Leaders: Only forensic inquiry can get to the truth at Barclays
QUESTIONING of Bob Diamond, the former chief executive of Barclays, by MPs on the Commons Treasury select committee, demonstrated why a parliamentary inquiry into the Libor interest rate fixing scandal is inadequate. Though the MPs got some answers from Mr Diamond, some of the bigger questions remain unanswered.
Mr Diamond, evidently interested in rescuing some of his own reputation and that of Barclays, an institution which he repeatedly said he loved, stressed how much store he set by integrity and honest dealing. If so, why did these leadership principles not percolate down through the bank to the extent that senior managers appeared to have condoned dishonest submissions of Libor rates?
Mr Diamond said he learned of the rate-fixing only a month ago. The Financial Services Authority report on Barclays mentions a number of times that rate- submitters raised concerns about wrong rates being sent to the British Banking Association with senior managers and the bank’s compliance division. Why did none of these managers report to Mr Diamond that his standards were being broken?
This evidence points to the conclusion that while Mr Diamond applied one set of standards, people underneath him operated to another, more disreputable, set. It points to a significant failure of leadership, which leads to the conclusion that Mr Diamond was right to resign.
It also appears that many other banks were involved in rate manipulation. Mr Diamond was clearly aggrieved at having been among the first to confess and to try to rectify things.
The more important implication is that many other senior managers need to be hauled before an inquiry and held to account. Judging by yesterday’s performance, MPs cannot fulfil that role. What is needed is the kind of forensic questioning by a QC to which journalists and politicians have been subjected in the Leveson Inquiry.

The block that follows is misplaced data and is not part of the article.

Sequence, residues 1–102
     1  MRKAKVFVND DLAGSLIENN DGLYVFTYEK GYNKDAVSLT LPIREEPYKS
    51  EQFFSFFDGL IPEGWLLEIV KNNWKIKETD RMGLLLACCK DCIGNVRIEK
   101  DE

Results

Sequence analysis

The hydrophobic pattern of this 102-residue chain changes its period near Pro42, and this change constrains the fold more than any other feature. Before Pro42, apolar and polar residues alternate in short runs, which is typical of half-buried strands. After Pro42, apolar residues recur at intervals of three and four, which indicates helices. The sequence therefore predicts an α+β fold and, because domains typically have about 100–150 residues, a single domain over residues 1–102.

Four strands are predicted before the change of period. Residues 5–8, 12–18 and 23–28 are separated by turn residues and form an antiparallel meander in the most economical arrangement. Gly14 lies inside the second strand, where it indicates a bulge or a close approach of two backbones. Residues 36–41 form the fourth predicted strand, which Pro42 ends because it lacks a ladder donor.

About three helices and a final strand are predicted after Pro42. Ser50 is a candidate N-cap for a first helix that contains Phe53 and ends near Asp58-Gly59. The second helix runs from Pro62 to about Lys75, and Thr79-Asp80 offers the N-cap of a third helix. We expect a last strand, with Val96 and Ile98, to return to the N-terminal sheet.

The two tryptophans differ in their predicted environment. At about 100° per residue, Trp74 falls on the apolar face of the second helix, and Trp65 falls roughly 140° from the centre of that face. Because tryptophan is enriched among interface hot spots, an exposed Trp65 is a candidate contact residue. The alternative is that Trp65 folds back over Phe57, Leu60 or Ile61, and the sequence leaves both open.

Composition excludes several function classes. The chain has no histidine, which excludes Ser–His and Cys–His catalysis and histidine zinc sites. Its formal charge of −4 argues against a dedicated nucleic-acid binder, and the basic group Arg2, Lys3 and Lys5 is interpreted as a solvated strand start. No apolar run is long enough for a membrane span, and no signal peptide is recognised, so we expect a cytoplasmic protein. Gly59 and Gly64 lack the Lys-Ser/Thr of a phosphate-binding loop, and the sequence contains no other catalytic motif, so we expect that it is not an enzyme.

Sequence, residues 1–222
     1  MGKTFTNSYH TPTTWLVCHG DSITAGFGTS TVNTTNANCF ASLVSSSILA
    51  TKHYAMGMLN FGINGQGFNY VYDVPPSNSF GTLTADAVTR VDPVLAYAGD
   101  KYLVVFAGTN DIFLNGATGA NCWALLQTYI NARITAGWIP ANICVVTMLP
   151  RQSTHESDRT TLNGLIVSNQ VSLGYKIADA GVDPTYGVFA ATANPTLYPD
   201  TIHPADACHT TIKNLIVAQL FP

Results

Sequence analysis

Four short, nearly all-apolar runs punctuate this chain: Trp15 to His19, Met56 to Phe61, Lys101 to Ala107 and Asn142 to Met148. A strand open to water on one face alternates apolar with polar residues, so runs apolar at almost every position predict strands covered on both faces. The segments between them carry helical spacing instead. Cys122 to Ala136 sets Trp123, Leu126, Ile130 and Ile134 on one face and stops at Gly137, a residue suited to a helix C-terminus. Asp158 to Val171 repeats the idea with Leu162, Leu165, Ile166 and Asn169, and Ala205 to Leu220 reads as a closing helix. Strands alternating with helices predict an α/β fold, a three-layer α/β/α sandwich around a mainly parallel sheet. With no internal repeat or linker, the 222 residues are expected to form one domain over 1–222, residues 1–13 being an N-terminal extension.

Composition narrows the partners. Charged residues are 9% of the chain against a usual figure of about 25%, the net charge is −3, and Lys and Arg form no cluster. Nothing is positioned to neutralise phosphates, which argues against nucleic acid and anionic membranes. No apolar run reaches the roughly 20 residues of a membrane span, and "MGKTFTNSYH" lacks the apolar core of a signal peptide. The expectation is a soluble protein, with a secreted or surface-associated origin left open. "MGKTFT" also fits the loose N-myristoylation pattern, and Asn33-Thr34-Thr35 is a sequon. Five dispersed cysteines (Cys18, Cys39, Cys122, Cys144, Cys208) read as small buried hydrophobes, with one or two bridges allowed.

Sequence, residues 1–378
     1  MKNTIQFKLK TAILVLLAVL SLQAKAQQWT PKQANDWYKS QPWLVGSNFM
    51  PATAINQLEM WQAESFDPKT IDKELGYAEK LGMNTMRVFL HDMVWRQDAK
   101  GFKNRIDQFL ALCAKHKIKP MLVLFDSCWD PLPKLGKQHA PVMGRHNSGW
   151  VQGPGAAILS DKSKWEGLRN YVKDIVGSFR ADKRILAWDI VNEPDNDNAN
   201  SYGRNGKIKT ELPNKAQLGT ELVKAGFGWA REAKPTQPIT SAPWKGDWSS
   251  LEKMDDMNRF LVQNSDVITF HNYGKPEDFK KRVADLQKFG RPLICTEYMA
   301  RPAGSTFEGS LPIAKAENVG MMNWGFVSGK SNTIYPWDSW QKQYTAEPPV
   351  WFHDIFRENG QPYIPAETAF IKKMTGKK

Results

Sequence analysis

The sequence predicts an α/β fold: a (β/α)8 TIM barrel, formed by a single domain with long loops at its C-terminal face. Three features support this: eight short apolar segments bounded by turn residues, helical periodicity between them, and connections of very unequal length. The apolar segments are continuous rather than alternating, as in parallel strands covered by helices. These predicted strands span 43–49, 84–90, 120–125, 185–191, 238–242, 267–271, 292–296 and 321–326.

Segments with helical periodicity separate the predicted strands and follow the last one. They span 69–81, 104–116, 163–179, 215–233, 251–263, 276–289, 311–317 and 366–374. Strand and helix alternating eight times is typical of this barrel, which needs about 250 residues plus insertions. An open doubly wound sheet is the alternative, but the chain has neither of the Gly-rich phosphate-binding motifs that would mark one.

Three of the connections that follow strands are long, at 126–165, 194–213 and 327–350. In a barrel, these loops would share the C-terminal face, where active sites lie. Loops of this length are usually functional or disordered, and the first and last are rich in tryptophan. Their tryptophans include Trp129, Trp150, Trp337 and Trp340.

Though MPs made a reasonable stab at that yesterday, the format of their inquiry, if replicated for the full hearing into the Libor scandal promised by David Cameron, cannot produce the prolonged and detailed interrogation needed to get proper answers. From yesterday it was clear some MPs were more interested in playing to the gallery than unearthing important truths.
What caused the failure to meet standards? Did Mr Diamond not communicate his views effectively? Did the regulators fail to ask the right questions? Why, when concerns about rate-fixing had been raised in articles in the US and in a report by the New York Federal Reserve Bank in 2008, did Mr Diamond not inquire whether his bank was implicated?
If rate-fixing was occurring in any other financial jurisdiction, the British financial establishment would be screaming for a thorough cleansing. Regretably that is not, so far, happening here.
Rail plan a damp squib
Not for the first time, the SNP has over-promised and under-delivered. The electrification plans announced for the critical Edinburgh-Falkirk-Glasgow Queen Street rail artery are a dull fizzle rather than a bright spark. Journey times were supposed to be reduced from 50 to 35 minutes, but will now be cut to 40 minutes. Six trains an hour were promised, but only the current four will be provided. Electrification of rail lines to Dunblane and Alloa has been pushed back.
Granted, the provision of longer and more reliable trains on the Edinburgh-Glasgow route will be an improvement, but the transformation of the link into a high-frequency bullet train operation that was implied by the original promises has been abandoned.
Keith Brown, the transport minister, ingeniously presented the cost-cutting from £1 billion to £650 million as a massive saving for taxpayers. This is disingenuous. Much of the £350m now “saved” would have come from Network Rail sources and some from the Scottish Government’s capital budget. It is hard to imagine that if, say, the government had announced it was cancelling a £350m hospital, it would expect to get away with that as a “massive saving” which voters should applaud.
What is important, but is not at all clear, is whether the original ambition for the line is still there. The Glasgow-Edinburgh route is the busiest on the Scottish network and as the link between Scotland’s biggest cities, is essential for the efficient operation of the Scottish economy. The more people it can carry and at greater speeds is also an important factor in diverting people from road travel and reduce carbon emissions. But this too looks to have been shunted into a back seat.
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Thursday 20 June 2013
Temperature: 11 C to 19 C
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Temperature: 11 C to 18 C
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